Though it’s a frequently-used trope, opposites-attract is one of Miss B.’s favourites for its potential banter-conflict. In Thomas’s hero and heroine, we have a bad-boy/good-girl pairing; with a Chinese-American heroine, the appeal turned out more original than your generic white-middle-class female protagonist. Thomas manages a nice set-up in the first chapter: “He was more interested in partying and working only when he needed money to fill the gas tank or treat a buckle bunny to a night on the town. Wendy was Porter’s polar opposite. She was a go-getter and a staylater at the job” and “As an only child and a daughter, she felt the weight of her parents’ high expectations of her. The constant pressure to climb the proverbial career ladder was overwhelming.” Add a romance-unusual profession for heroine, insurance adjuster, and a hero who transports cattle from rodeo to rodeo; add a mystery plot involving disappearing valuable cattle and you have a nice combination of narrative threads. When Wendy’s boss asks her to ride-along with Porter to unmask the cattle-rustling culprit, we have, in turn, a road romance. Continue reading

MINI-REVIEW: Sarah Morgan’s MAYBE THIS CHRISTMAS, Maybe Every Christmas

Maybe_This_ChristmasMaybe This Christmas is Sarah Morgan’s third contemporary romance in the O’Neill series, preceded by Sleigh Bells In the Snow and Suddenly Last Summer, both of which are in Miss Bates’ Teetering TBR. Starting with the third in the series did not deter from Miss B’s enjoyment. The start was a tad wonky with characters from the previous books showing up in various states of blissful couple-hood, as well as sundry O’Neill family members who’d obviously been established as secondary characters in previous books. Maybe This Christmas, gloriously-set in small-town-Vermont winter wonderland, in fictional “Snow Crystal,” is a friends-to-lovers romance narrative high on humour, but no less on gravitas in two hurting friends admitting to love. The heroine, Brenna Daniels, has carried a smouldering love-torch for Tyler O’Neill since they were best buddies in high school. Single-dad, former Olympic skiing champion, and notorious womanizer, Tyler, has in Brenna the one relationship with a woman he’s yet to abandon. Continue reading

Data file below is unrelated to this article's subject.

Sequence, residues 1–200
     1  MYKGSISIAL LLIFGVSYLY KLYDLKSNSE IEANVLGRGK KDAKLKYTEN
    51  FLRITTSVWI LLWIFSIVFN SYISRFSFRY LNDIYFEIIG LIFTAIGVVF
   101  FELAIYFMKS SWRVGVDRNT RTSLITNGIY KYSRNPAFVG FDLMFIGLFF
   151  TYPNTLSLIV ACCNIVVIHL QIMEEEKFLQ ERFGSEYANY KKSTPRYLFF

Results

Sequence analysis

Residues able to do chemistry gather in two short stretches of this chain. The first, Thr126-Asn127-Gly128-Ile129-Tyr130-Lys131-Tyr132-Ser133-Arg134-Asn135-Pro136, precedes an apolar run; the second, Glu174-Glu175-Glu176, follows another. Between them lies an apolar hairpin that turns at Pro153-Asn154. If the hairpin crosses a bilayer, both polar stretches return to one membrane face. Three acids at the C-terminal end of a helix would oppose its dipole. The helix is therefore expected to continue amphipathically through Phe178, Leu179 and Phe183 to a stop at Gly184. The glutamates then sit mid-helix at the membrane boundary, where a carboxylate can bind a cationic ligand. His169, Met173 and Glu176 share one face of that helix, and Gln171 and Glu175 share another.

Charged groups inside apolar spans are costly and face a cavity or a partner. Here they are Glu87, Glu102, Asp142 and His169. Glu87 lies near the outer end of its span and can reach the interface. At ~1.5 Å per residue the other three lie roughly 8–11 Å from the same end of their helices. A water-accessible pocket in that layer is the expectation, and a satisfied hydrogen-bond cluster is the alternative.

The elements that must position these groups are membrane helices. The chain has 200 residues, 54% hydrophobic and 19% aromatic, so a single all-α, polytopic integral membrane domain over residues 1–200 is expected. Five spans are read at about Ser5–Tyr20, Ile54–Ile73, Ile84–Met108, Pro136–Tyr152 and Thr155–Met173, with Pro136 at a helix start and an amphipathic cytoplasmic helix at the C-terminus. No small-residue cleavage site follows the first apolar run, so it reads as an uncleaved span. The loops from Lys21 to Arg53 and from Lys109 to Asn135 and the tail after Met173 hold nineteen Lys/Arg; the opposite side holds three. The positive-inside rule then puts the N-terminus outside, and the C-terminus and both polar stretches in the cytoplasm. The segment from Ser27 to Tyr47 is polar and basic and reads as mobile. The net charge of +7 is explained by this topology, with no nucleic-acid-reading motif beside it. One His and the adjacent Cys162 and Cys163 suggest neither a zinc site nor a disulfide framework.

Georgette Heyer’s DEVIL’S CUB Foiled By A Heroine “Mistress of Herself”

Devil's_CubIn April, Miss Bates followed a discussion about the question of a romance canon. The debate began with a thorny Salon article which, nevertheless, inspired interesting responses. For Miss Bates, said article was of minimal regard: its noblesse oblige attitude towards the genre ensured she stop reading by first paragraph’s end. The responses, however, were a boon: the always fearlessly incisive Vacuous Minx, no-nonsense sharpness and smarts of Wendy the Superlibrarian, perspective of Love In the Margins, take of Romance Novels for Feminists, and Jody at Momentum Moonlight. Miss Bates, though agreeing with these points of view, found Jody’s stance the most helpful because it summarized the problematic nature of canon setting/launching/exploding and offered an alternate term and means of pointing to seminal texts in the genre. Jody defines “iconic” texts as those which “affect the genre in a meaningful way.” Simple, direct, flexible, and workable. Miss Bates borrows Jody’s term “iconic” to identify “affective/effective” romance texts, such as Heyer’s, subject of her present post. Jody’s definition implies that iconic romance texts are those to which other romance texts accrue. They represent something important to the genre, not that they are necessarily meritorious in and of themselves, though they may very well be. They’re a hub; other texts are the spokes. They’re texts around which discussion occurs. (Sometimes, they may be denigrated, or rejected texts, representing things we don’t want to see in the genre, such as elements found in Old Skool romances.) They may change; more may be added, or forgotten, as the genre develops, grows, or regresses. Time is the only given. Miss Bates also thinks that the genre benefits more from pointing to an author, rather than individual texts, to identify an iconic moment in it. Heyer would certainly be present in such company.

When Miss Bates read her first Georgette Heyer, These Old Shades, she wasn’t aware of Heyer’s iconic status for romance readers. On reading her second, Devil’s Cub, published 1932, a sort of sequel to Shades (not 50!), educated somewhat in the genre (though by no means is she done, nor does she purport to be an expert), it’s evident that Heyer contributed iconic texts. Heyer’s tropes echo in every duke, rake, and plain-Jane; nonetheless, reading Devil’s Cub was alienating. That may be because of a narrative shift in more recent romance that Miss Bates’ refers to as the main characters’ endless internal ruminations. In that sense, Heyer appears quaint vis-à-vis character development and an excess of madcap plot; she forewent modernism. Yet, Miss Bates found something refreshing about a romance narrative where reader has to decode gesture and pose rather than thinker-tells-all of characters’ internal worlds in close point of view. Ye shall know them by their gesture … this is her subject. Bear with her: bodies in Heyer, what do they tell us? How does she establish character through the physicality of gesture, pose, tone, and gaze?  Continue reading